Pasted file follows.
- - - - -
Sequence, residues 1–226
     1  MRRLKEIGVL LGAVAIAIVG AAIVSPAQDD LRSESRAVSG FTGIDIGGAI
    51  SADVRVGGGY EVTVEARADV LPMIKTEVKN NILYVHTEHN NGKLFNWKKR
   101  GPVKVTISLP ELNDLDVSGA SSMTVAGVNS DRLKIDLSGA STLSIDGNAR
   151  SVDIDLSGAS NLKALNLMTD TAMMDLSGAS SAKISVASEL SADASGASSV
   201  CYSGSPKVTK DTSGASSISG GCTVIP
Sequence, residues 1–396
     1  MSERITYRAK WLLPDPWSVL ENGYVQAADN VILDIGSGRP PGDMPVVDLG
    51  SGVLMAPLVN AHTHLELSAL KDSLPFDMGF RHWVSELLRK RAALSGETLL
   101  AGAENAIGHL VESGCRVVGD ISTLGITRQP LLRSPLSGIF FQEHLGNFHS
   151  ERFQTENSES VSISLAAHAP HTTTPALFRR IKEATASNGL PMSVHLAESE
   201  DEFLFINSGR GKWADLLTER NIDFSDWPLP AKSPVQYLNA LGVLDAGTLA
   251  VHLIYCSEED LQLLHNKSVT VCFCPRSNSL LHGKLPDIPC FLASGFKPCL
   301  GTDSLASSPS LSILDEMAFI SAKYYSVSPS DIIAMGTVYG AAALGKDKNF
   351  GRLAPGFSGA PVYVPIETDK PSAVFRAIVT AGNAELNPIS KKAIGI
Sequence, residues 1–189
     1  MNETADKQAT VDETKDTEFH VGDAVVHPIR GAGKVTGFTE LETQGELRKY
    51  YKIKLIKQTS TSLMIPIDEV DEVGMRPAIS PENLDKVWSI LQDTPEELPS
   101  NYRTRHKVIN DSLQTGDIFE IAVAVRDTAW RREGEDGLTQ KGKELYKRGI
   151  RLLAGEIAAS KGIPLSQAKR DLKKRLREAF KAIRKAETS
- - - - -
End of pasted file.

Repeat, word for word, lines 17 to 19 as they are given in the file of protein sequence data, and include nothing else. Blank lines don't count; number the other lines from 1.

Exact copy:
     1  MNETADKQAT VDETKDTEFH VGDAVVHPIR GAGKVTGFTE LETQGELRKY
    51  YKIKLIKQTS TSLMIPIDEV DEVGMRPAIS PENLDKVWSI LQDTPEELPS
   101  NYRTRHKVIN DSLQTGDIFE IAVAVRDTAW RREGEDGLTQ KGKELYKRGI